The Silk Road’s Lingering Impact

Love it or hate it, the Silk Road left an indelible mark on the darknet markets and cryptocurrency worlds. Let’s break down its legacy:On the positive side, Silk Road popularized Bitcoin and showed its potential for legitimate uses beyond just dark web trading. 5 It was one of the first major real-world apps to use cryptocurrency at scale.The site‘s security measures like Tor browsing and Bitcoin payments also raised the bar for operational security in underground markets. 5 Successors like AlphaBay learned from its strengths and weaknesses.However, Silk Road’s existence and $180 million+ in drug sales fueled the growth of addiction and overdoses. 2 At least six deaths were allegedly linked to substances purchased on the site. 5 It‘s a dark legacy Ulbricht’s supporters can’t ignore.There’s also the question of whether Ulbricht truly upheld the philosophical principles of the “Dread Pirate Roberts” persona he adopted. His alleged attempts to hire hitmen to kill perceived threats like a former employee directly contradict the non-aggression principle he claimed to follow. 3Regardless of where you stand, there’s no denying Silk Road‘s impact as a pioneer and catalyst for the darknet world we know today. Its founder‘s fate could have lasting ripple effects as well.

The Precedent of the Life Sentence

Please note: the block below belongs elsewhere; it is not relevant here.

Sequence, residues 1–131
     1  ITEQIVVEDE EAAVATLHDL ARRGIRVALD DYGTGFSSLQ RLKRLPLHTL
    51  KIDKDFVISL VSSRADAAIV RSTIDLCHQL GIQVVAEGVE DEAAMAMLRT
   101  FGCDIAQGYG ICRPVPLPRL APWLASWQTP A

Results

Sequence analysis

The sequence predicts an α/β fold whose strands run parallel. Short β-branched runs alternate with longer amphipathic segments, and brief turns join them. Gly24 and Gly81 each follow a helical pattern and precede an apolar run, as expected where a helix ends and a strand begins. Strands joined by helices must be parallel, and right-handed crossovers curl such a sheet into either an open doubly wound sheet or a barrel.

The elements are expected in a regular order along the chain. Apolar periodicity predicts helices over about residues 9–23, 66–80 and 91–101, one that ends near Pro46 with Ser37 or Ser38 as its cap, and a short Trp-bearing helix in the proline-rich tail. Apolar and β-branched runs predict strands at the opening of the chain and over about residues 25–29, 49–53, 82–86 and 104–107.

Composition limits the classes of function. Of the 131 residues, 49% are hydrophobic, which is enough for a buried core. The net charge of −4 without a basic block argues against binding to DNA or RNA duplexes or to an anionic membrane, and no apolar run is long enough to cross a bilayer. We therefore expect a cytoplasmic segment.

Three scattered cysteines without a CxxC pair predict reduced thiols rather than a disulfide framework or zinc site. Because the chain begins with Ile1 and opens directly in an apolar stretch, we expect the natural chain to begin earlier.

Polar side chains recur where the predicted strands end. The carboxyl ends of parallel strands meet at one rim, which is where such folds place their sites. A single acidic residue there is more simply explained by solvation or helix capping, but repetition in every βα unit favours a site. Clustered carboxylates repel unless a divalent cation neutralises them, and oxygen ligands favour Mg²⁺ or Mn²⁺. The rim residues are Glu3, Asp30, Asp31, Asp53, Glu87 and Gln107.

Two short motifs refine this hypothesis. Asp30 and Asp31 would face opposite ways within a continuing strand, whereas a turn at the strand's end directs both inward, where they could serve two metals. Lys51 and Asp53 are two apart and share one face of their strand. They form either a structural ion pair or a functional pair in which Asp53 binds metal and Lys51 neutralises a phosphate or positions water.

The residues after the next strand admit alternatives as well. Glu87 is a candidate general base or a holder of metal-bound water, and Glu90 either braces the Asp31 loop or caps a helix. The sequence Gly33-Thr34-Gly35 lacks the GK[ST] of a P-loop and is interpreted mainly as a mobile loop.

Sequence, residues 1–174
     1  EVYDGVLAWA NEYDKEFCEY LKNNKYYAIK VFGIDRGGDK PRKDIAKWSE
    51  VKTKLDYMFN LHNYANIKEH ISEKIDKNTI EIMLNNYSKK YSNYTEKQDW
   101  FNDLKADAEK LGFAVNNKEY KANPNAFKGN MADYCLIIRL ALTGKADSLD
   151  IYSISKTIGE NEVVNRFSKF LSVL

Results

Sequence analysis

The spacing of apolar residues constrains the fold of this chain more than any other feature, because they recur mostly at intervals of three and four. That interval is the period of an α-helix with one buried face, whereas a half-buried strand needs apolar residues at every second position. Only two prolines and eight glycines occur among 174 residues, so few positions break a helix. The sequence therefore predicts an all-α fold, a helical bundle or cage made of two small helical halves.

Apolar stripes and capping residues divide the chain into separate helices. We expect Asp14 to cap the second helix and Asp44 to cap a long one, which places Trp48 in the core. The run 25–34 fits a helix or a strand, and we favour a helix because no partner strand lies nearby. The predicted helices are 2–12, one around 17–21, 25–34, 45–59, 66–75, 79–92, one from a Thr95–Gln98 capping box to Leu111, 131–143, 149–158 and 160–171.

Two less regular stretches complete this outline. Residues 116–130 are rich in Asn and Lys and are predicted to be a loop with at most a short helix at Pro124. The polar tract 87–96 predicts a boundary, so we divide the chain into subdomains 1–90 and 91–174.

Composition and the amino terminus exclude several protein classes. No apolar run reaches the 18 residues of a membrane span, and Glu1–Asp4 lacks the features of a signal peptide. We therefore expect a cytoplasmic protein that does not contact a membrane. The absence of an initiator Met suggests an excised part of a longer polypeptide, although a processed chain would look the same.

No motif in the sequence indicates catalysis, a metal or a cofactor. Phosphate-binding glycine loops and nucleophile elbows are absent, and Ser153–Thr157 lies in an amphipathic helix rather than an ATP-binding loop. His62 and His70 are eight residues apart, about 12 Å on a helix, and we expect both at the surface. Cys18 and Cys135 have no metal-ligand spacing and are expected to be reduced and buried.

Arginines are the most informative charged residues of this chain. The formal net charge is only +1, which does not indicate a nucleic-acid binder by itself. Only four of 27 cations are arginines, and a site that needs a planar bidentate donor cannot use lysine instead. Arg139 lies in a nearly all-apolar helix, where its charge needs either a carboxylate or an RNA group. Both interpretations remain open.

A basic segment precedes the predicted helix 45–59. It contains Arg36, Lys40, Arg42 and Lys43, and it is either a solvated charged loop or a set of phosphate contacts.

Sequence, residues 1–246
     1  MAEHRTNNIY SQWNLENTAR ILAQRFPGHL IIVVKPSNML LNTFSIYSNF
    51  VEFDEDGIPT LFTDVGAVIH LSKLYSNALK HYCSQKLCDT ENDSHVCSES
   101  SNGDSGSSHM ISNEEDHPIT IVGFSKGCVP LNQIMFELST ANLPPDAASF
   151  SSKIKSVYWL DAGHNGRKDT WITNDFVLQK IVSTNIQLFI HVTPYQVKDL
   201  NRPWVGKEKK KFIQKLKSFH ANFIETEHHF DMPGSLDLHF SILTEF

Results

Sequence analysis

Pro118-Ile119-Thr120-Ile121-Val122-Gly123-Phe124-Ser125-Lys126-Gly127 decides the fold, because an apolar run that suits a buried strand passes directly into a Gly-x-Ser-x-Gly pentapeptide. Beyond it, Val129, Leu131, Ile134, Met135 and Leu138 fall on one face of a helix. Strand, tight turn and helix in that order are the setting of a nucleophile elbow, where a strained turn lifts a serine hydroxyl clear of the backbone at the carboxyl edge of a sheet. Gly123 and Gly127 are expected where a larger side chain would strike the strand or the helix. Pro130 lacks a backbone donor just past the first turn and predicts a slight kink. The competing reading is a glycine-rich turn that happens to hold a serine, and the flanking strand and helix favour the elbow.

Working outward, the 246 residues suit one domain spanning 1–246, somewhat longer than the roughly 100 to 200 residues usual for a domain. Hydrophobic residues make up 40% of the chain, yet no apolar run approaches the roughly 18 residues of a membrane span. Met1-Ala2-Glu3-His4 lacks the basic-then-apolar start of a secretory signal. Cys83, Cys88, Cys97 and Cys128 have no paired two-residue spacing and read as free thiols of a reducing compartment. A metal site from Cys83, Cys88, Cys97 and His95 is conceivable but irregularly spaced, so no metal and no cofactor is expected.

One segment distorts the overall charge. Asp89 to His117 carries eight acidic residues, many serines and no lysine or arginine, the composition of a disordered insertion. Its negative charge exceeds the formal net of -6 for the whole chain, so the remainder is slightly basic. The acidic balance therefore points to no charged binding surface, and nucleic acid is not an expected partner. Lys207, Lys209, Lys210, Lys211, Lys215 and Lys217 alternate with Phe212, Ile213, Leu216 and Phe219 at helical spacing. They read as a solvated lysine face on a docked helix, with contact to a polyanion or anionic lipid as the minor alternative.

When handing down Ulbricht’s life sentence in 2015, Judge Katherine Forrest made it clear she intended to send a strong message and deterrent. 3“What you did was terribly destructive to our social fabric,” she told Ulbricht. The life term was meant as “a sentence that is a serious deterrent, a signal to anyone who attempts to replicate something like this.” 3So was it an appropriate and measured response? Or does the punishment not fit the crime of non-violent drug crimes and money laundering? Prosecutors pointed to Ulbricht’s attempts to commission murders as justifying such a harsh sentence3 But no actual deaths occurred, and some legal experts argue it sets a dangerous precedent for all future darknet operators to be hit with draconian punishments.“The court‘s rationale renders meaningless any distinction between non-violent and violent crime,” wrote one group of legal scholars in an amicus brief3 They fear it could lead to “a vastly expanded use of life sentences for non-violent crimes.”On the flip side, you could argue the life term was warranted given the sheer scale and impact of Silk Road’s drug trafficking. Ulbricht’s own lawyer admitted at trial the site was “a criminal enterprise of staggering magnitude.” 3There’s also the question of deterrence. If the life sentence deters even a handful of future darknet drug lords and saves lives, was it worth it? Or does it simply create future martyrs and rallying cries like FreeRossDAO?These are thorny philosophical and legal questions with no easy answers. But they underscore the lasting impact Ulbricht’s case could have as a precedent for future dark web prosecutions.